abuse, like using the phrase
“that’s so gay.”
Treating someone like crap, or less than equal because
they have a certain characteristic, like a school not
allowing you to wear the uniform that aligns with your
gender identity. Discrimination due to sexuality or
gender identity is nearly always illegal in Australia.
Brotherboy and Sistergirl
Terms used by some Aboriginal and Torres Strait
Islander communities to describe trans people.
Brotherboy typically refers to masculine spirit people
who may be assigned female at birth, Sistergirl typically
refers to feminine spirit people who may be assigned
male at birth.
People are born with different kinds of bodies.
Intersex is an umbrella term, often associated with
a medical diagnosis of a difference or disorder or
sex development (DSD), that describes people who
have natural variations that differ from conventional
ideas about ‘female’ or ‘male’ bodies, including
genital, chromosomal and a range of other physical
your legal rights in victoria.
Over the age of 18, there are no legal barriers to
accessing hormone replacement therapy (HRT),
but medical approvals are still required. See
Medical Transitioning [pg 11] for more information.
Accessing HRT is especially rare if you’re under
18 years of age, and still requires a ruling from
the family court, and support of your parents or
For puberty blockers the law requires psychiatrist
approvals and parental consent.
Surgery of any kind related to chest reconstruction
or genitals as part of affirming a transgender
person’s identity can’t be performed on someone
under the age of 18.
Name Change: Changing your name is pretty
straight forward, and something anyone can do.
To do this you will need multiple forms of current
identification (driver’s license, passport, medicare
card, etc). If you’re under the age of 18 both parents
must give consent to the name change. This is
done through the Registry of Births, Deaths and
Marriages in each state or territory. www.bdm.vic.
Birth Certificate: Changing your gender on a
Victorian birth certificate requires that you have
undergone ‘sex affirmation surgery’ (and therefore
must be over 18). Only in Victoria, this is required
to be genital surgery or a hysterectomy. In addition,
a statutory declaration from 2 doctors and/or
surgeons, as well as some original ID is required.
Name changes must be done before changing your
Passports: to change your legal gender on an
Australian passport, you only need a signed
doctor’s letter. This will allow you to change
between a female, male or indeterminate (which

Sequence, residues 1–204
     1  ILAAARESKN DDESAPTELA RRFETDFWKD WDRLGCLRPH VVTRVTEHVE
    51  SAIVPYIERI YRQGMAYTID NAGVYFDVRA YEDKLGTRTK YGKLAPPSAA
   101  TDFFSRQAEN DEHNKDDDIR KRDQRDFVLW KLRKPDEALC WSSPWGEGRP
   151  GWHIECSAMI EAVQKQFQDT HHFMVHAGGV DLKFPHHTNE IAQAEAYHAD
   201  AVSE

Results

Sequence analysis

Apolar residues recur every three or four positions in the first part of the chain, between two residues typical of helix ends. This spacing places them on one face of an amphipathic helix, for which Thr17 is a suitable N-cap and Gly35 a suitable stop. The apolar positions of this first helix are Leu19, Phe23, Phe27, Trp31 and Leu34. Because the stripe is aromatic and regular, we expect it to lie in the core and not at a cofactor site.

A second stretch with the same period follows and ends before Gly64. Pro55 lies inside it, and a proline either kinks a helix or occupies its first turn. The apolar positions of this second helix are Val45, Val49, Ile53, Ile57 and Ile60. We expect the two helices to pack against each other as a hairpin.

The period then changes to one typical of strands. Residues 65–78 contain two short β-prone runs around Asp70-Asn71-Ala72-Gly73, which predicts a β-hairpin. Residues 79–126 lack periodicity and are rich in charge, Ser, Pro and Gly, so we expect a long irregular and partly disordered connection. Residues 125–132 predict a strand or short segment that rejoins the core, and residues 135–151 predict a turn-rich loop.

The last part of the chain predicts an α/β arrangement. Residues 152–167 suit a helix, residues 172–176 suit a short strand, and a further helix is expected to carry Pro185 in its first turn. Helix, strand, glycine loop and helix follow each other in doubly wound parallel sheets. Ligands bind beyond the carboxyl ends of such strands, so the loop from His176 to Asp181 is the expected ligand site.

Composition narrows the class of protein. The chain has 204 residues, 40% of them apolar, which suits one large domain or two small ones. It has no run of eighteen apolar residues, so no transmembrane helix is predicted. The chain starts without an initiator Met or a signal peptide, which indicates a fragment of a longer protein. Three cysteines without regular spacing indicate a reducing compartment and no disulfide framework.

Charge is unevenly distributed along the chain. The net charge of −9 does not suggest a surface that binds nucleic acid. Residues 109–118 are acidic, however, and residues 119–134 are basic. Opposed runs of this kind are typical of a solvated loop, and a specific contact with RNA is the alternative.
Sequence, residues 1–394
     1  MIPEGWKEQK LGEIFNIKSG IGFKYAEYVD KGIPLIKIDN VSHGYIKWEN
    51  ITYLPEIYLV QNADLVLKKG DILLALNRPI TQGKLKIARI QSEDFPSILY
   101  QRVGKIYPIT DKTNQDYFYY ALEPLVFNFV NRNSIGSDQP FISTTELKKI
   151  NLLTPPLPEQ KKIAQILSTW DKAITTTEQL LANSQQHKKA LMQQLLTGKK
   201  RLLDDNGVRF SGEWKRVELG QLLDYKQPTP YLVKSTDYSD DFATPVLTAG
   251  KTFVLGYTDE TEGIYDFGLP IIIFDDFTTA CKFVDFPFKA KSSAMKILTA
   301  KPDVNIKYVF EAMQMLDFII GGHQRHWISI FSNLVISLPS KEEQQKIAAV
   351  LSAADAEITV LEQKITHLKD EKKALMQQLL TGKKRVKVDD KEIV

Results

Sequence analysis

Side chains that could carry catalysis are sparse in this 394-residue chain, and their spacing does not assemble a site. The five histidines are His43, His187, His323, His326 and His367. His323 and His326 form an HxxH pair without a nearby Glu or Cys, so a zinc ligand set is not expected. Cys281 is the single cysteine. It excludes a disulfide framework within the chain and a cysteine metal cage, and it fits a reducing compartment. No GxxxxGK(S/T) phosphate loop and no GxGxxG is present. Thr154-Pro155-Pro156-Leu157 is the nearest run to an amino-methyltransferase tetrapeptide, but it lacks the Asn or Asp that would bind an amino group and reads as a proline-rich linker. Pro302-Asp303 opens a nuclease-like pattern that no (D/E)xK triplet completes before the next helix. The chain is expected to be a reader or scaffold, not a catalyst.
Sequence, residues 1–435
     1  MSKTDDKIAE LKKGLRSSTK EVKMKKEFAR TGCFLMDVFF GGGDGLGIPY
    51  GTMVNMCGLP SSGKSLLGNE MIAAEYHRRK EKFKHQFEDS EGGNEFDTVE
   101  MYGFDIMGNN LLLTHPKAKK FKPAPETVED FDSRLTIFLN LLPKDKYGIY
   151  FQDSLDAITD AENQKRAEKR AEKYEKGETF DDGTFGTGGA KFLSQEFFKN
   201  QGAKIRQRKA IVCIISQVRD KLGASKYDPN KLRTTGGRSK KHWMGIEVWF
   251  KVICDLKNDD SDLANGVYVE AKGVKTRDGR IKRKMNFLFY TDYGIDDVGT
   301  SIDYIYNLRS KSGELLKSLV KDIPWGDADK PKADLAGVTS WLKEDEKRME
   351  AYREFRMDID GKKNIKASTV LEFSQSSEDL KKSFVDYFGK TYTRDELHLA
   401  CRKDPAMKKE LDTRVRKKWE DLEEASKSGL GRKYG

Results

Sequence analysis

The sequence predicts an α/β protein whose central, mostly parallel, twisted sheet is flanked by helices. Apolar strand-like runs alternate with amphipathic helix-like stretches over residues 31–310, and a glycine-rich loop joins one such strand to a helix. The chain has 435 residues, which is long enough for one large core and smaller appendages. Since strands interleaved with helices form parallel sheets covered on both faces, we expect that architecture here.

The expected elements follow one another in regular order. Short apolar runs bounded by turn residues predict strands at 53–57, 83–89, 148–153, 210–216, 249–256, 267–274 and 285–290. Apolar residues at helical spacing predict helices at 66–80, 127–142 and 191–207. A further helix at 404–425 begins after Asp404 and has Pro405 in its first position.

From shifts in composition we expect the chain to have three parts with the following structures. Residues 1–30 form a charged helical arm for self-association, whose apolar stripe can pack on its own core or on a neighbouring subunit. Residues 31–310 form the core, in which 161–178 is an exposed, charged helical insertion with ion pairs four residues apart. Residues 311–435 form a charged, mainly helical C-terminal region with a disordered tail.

appears as an ‘x’). An indeterminate gender
marker is not something many other countries
have, and it’s important to consider the impact
it may have when traveling - particularly to
You’ll need to change your name on your birth
certificate before being allowed to change it on your
passport, but if you have a letter from your doctor
saying you are transitioning then the replacement
passport will be free.
Other ID: The rest of your standard ID can usually
be changed with your new passport or birth
certificate. Once you have changed your name
on these, it’s your new legal name and you have
the legal right to have it recognised by all other
institutions, including your bank and school.
Rights at School
Schools have to support and respect your identity,
but the specifics will vary between schools. Your
teachers and principal aren’t allowed to out you to
anyone, and when they’re trying to work out how
to support you they should invite you and someone
from your family to be involved.
Schools may request a letter from a gender
therapist as part of developing a support plan,
which may cover things like providing extra welfare
support, what bathroom facilities you will be using,
and how to support other students.
Schools are expected to use your preferred name
and pronouns even if they’re not your legal ones.
The Victorian Department of Education policy
is that no documentation is needed in order
for schools to update their database with your
preferred gender, however, in practice this may
again vary from school to school.
Victoria has no explicit laws about using public
bathrooms and you can use whichever ones you
want. Private venues do have ability to ask you to
leave at their discretion though.
Sex Discrimination Amendment (Sexual
Orientation, Gender Identity and Intersex
Status) Act 2013
Gender identity is protected under federal law.
Under the law it is unlawful to discriminate against
a person on the basis of gender identity, sexual